"He has a point," Vince agreed. "Could you just lift all of us up to the peak?"
"No," Mary said sadly. "Grabbing hold of a person is a delicate procedure; it isn't like throwing objects. I have to worry about pressure and rupturing organs, that sort of thing. I can do it if I have to with one person, maybe two for short bursts, but I'm not confident I could get us far at all. Certainly not safely. Not to mention that I can't really lift myself."
"Why not?" Hershel asked.
"It's a jarring experience, being dangled in mid-air. It makes my stomach queasy and messes up my concentration, which just makes things less stable in a terrible cycle," Mary said.
"So then, what's our strategy?" Vince asked.
In response Nick rose to his feet, dusted off the snow, and produced a pick along with a section of rope from his bag. "I'd say our strategy is climb like motherfuckers in hopes of making it home before Christmas."
After a moment of staring at each other the rest of the group pulled out their instruments and followed suit.
* * *
To say the act of climbing a mountain was grueling would be like saying Genghis Khan had a mild penchant for empire expansion. It was cold, hellish, and hard, but as the five struggled up the mountain, they found it was doable. For the first time they were thankful for the months they had spent in gym. Without Coach George's constant conditioning they would have never had a chance at making viable progress. Proof of this was Hershel, who was forced to use some of his whiskey in the first half hour for fear his muscles would give out and he would go tumbling down. Each of them held this fear, but luckily it wasn't too steep at the mountain's base, and there were plateaus where rest could be acquired. On one such plateau they stopped midway through the day for a lunch of water, jerky, and despair. There was nowhere to go but up, though, so they bucked up and began climbing once more.
Even Alice found herself hugging the side of the mountain as they climbed higher. With each bit of escalation the wind grew stronger and colder. Gliding next to the rocks at least gave her some refuge from the wind's chilling bit. Admittedly she could have flown up to their next logical break stop and waited, but she wasn't confident they would find her once she departed. Besides, even if it wasn't steep, accidents could happen, and she wanted to be close by just in case.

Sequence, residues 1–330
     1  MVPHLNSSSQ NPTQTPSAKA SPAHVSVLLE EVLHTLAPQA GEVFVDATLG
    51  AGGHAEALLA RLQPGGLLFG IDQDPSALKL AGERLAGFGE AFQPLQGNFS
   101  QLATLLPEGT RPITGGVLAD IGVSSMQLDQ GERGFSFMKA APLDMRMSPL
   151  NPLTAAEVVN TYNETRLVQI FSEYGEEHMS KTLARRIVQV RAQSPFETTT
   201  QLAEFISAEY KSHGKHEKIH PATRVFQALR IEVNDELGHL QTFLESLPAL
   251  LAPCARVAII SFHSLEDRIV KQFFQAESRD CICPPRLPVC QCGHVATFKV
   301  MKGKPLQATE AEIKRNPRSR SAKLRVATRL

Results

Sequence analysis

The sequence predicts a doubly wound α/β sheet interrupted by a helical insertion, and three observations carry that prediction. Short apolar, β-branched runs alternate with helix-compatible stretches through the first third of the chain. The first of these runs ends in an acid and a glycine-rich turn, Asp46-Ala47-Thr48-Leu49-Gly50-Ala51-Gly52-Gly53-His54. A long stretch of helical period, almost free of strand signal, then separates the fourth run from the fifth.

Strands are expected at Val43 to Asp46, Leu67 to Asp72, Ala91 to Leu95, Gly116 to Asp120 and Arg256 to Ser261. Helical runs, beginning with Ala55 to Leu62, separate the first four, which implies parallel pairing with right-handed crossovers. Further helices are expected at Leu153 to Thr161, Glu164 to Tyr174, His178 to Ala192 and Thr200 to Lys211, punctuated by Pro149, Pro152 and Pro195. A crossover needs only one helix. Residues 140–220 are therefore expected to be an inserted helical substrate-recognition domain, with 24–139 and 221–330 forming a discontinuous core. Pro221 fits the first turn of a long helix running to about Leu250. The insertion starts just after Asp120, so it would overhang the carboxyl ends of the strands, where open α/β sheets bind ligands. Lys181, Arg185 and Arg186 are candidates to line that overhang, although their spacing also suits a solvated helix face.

The day wore on and progress grew slower. The mountain was getting steeper and their muscles were growing colder. There was a brief huddle during which they agreed to camp on the next viable rest stop they reached since it would be madness to try and keep going in the dark. Unfortunately, that spot was farther up than they'd expected, and by the time Roy hauled himself over an icy cliff, nearly everyone else was ready to collapse. Mary followed after him, then Vince. Alice floated over to stand with them, trying not to shiver despite herself. Nick was the last man to scale the side, rolling over and resting for a moment before pulling himself to his feet.
"Well," Vince said. "That sure suc-" A loud cracking sound interrupted Vince, coming from the edge they had just scaled. There was a moment of realization as Nick looked down to the source of the noise and saw it was coming from directly under his feet.
"Shit!" Nick managed to say as the ice they had mistaken for rock gave way and he went him tumbling back into the open air.